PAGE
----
There are no tight ends in Coach Robert Anae’s new offense. There are X receivers, Z receivers, H receivers and Y receivers, but no official tight ends. Anae came to BYU with some very capable tight ends on the roster. So what happens to these tight ends now
and namely with junior Daniel Coats?
“I’m coming back home,” said Coats with a smile. “I’m a Y receiver now which I feel fits me a lot better. It’s a position I feel very comfortable with.”
Coats came to BYU after putting up huge numbers on the Utah prep scene from the wide receiver position. After finding his way during a true freshman year in which he redshirted, Coats bulked up and decided with the coaching staff that tight end was where he would be used most effectively during his career at BYU.
“I gained so much weight,” replied Coats. “Last year I got up to 250 which looking back hurt my game a bit. That’s not a natural playing weight for me. I feel that I was concentrating really hard at becoming a well-rounded tight end with blocking off the line and everything that it hurt how well I ran patterns and got off the line and stuff like that.”
After a successful first season where he was split out a lot of the time, Coats saw fewer and fewer balls thrown his way late in that first season heading into his sophomore campaign.
“I was becoming a blocking tight end,” laughed Coats. “It seemed as if I was a sixth offensive lineman a lot of the time. Blocking is good and all, but I like catching the ball.”
Enter Coach Anae and the new offense where just about all thes existing tight ends on the team have switched over to the big inside receiver position, or the YR position as it is officially termed by the coaching staff. It is a sort of hybrid between a normal tight end and a slot receiver.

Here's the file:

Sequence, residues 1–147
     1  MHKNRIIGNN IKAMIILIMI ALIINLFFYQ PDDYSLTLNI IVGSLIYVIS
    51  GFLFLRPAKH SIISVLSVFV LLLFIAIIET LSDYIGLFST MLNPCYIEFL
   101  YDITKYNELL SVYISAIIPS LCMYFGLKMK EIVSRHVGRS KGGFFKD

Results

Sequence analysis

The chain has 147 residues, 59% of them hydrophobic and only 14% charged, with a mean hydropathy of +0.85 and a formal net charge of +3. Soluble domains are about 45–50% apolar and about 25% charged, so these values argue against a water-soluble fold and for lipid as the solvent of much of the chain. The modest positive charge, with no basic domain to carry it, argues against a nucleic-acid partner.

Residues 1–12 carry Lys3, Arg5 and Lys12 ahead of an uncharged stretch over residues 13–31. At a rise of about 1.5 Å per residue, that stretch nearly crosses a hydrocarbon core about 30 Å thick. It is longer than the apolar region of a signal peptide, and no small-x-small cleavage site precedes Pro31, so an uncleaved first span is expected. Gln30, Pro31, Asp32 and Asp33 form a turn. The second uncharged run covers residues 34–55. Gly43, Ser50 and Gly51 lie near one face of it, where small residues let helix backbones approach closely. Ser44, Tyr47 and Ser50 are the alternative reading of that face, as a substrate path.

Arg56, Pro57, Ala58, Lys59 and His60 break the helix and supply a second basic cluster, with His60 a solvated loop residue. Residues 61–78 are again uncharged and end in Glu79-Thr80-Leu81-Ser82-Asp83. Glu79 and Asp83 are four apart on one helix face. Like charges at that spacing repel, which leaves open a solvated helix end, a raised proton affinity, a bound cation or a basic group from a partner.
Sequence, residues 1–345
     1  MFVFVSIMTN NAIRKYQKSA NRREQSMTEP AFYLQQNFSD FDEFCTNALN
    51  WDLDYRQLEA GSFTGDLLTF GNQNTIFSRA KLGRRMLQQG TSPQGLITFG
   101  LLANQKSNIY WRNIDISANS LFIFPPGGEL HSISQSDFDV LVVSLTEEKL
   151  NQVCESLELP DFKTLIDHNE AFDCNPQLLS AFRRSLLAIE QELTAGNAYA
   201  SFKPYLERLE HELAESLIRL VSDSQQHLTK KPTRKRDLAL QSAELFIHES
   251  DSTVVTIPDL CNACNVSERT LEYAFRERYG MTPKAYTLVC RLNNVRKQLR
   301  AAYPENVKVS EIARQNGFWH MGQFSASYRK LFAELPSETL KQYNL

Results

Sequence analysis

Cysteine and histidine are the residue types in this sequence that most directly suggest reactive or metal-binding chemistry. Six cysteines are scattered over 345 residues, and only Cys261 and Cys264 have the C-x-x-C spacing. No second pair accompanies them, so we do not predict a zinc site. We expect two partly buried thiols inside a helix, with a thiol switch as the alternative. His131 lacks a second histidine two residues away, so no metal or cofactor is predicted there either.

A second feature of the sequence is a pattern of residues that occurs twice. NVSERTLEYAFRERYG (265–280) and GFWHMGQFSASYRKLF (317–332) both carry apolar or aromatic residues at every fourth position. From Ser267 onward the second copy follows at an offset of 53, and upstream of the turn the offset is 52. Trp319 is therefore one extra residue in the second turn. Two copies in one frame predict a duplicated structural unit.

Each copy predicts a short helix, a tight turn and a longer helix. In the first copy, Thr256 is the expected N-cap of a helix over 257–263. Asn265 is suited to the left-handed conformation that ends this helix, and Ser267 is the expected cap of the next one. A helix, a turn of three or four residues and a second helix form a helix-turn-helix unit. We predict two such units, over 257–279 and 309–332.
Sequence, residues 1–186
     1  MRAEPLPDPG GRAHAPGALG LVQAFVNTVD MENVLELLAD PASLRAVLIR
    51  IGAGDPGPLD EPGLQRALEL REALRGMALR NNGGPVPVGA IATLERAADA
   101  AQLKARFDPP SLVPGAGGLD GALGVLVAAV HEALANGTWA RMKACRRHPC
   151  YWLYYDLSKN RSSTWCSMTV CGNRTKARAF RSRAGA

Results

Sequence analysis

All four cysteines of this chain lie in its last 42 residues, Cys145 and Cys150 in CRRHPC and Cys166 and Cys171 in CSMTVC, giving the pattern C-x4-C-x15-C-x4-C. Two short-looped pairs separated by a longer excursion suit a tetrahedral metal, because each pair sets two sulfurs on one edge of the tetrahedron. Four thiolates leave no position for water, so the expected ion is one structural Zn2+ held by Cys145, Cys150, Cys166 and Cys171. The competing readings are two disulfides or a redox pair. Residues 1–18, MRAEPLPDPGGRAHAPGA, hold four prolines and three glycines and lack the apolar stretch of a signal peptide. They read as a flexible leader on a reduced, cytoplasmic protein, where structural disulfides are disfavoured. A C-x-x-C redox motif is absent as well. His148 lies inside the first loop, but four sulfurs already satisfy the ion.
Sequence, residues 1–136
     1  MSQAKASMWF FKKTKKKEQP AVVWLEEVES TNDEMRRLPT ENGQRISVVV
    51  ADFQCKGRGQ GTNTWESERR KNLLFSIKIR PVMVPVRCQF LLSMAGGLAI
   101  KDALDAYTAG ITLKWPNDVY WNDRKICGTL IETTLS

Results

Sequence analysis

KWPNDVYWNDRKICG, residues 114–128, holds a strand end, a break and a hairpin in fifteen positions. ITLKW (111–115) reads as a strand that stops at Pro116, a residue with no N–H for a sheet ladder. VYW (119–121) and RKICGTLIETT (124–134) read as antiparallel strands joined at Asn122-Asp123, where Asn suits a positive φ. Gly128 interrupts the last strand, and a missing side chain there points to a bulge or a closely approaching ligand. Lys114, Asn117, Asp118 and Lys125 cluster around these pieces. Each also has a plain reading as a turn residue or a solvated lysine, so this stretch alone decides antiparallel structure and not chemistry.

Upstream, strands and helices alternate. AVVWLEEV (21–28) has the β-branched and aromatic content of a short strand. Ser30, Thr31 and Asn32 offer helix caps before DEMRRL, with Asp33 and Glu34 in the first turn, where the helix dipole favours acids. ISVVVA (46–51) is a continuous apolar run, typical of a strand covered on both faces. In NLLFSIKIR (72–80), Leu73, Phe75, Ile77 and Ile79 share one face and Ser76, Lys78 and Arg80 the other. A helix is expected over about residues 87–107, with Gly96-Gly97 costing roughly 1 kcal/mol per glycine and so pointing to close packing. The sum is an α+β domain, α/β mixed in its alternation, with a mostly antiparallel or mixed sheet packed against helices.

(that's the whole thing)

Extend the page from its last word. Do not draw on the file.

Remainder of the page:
“I love it,” said Coats regarding his new position. “It feels natural to me, it just fits me as a player. I feel that this is a position custom-made for me and my skills.”
Instead of lining up in a three-point stance and having to deal with linemen and outside linebackers bumping you as you come off of the line of scrimmage, the YR is split out slightly wide of the offensive line most of the time in a normal wide receiver’s stance.
“I feel like a receiver again,” said Coats. It helps me run my patterns better, getting off of the line quicker and all that.”
Another aspect that has helped Coats feel quicker and more comfortable running patterns is dropping some significant weight in the off-season. “I’m about 235 right now which is down from 250,” said Coats. “Being this weight helps me run better, turn better and just move better all around. I feel it’s closer to my natural weight. So far I think it’s really helped me run patterns and catch the ball better.”
So far so good as Coats has impressed early on during practice establishing himself as a main target coming off of the line as a YR receiver.
“When BYU recruited me, they recruited me because of my ability to catch the ball, not because of how well I blocked,” concluded Coats. “I feel I’m a good blocker and it’s something I’ve become good at, but man, catching the ball is what I do best and this new system and new position helps me do that best. I feel great out there now. Better than I have in some time.”